Belgravia dress – sizing question
1 month ago
I’m about to sew a dress & use a knit fabric for the very first time with the Belgravia dress pattern. I’m uncertain which size to choose. The body measurements put me as bust size 10, waist size 12 & hip size 6. With it being a knit fabric would I be OK to pick just one size – I’m thinking size 10 (by my bust size) or should I consider grading between sizes.
I’m also 5’9 & wondering if I need to lengthen the bodice & skirt sections. What height do you design for? I can’t find this measurement on the pattern. Thanks1 month agoLiesl GibsonKeymaster@liesl
I think you’d probably be ok choosing a size 10 and maybe reducing the width at the hips if you find that you need it. Its something you can do after you’ve sewn it if you want. Just turn the dress inside out, pin the hips to be as narrow as you want, and re-sew them. Regarding the height, it depends on where you are tall. I’m 5’8″ and long waisted, so I always lengthen our patterns by 1″ between the bust and waist. But if your height is mostly in your legs you can add length to the skirt if you want. The length is given in the finished measurements chart so you can decide if you want it longer. I hope that helps. Have fun!1 week ago
Thank you for your reply.
I’ve only just started, but unfortunately I’ve got a little stuck. I’m increasing the bodice length by 1 & 1/4″ along the lengthening line. I’ve never done this before & according to my sewing book & everything I read, I should keep the grainline straight through the separated pieces, but if I do this the seam lines are thrown out, especially on the front bodice. I’ve now realised this must be because the front bodice isn’t cut on the straight. Before I alter or I cut anything out, I just want to check that I should keep the front seam line straight. And on the back bodice is the best way to avoid a bulge in the side seam by straightening the cutting line between the side seam notch and the bottom of the armscye? Thanks1 week agoLightning McStitch @LightningMcStitch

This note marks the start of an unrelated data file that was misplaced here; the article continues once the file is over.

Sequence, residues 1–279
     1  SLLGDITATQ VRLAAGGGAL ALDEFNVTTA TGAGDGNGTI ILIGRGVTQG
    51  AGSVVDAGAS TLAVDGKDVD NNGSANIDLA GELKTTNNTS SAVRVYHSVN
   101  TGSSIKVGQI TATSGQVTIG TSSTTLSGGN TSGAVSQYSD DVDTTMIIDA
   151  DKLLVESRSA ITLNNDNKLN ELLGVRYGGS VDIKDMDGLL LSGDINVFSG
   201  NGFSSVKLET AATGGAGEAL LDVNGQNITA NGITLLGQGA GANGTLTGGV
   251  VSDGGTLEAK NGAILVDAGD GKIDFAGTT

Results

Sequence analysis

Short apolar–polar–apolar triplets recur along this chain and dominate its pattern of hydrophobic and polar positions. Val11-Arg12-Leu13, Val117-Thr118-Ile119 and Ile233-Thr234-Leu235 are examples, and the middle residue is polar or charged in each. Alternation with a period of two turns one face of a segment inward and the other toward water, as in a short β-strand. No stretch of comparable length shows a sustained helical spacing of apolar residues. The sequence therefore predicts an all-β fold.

Hi @caroljohnson , there’s a nice blog post about lengthening patterns here:
Use the grain line as it’s marked on the pattern to ensure that you spread your pattern pieces evenly. It doesn’t matter whether it’s the cut on the grain or on the bias when you lay it on the fabric.
It will require some blending by eye where you split the pattern as they won’t be straight lines.
Also, be careful with the depth/width of the bottom of the V neck if that’s not above the point where you’re lengthening the pattern.1 week agoLightning McStitch @LightningMcStitch
Edit: of course it does matter how you line the pattern grain line up with the fabric grain. I worded that badly.
What I mean is that you lengthen your pattern first, using a cut that’s perpendicular to the line on the pattern tissue. That part is the same whether you’re dealing with a pattern piece cut on the grain (the back bodice) or off-grain (the front bodice).
If the amount you’re increasing the length by is giving you some crazy angles then break it up. Add half at the split line and the other half at the lower edge of the pattern piece1 week ago
Thank you @lightningmcstitch for your replies and the link. I think I’ve now done the back bodice but I’m still unsure about the front bodice.
I think I may not have explained myself very well. I’m attaching a photo which I hope will explain better than I’ve managed with words alone. If the straight of grain continues across the inserted piece from the top half to the bottom half of the bodice the front and side seams no longer line up. I can’t see how to grade these seams without substantially changing the shape. If I use the outer lines I will effectively widen the bodice as well as lengthen it.
Attachments:1 week ago
This photo shows what I think I need to do i.e line up the front seam (shown by the ruler) so that I can easily continue the side seam. The straight of grain line will not be continuous but the piece will still be straight. This seams to me to lengthen the front bodice but not alter any other aspects.
You must be logged in to reply to this topic.
Unless otherwise credited, all work on this blog is © Liesl + Co., Inc, 2008-2023. You are welcome to link to this blog, but please ask permission before using any text or images.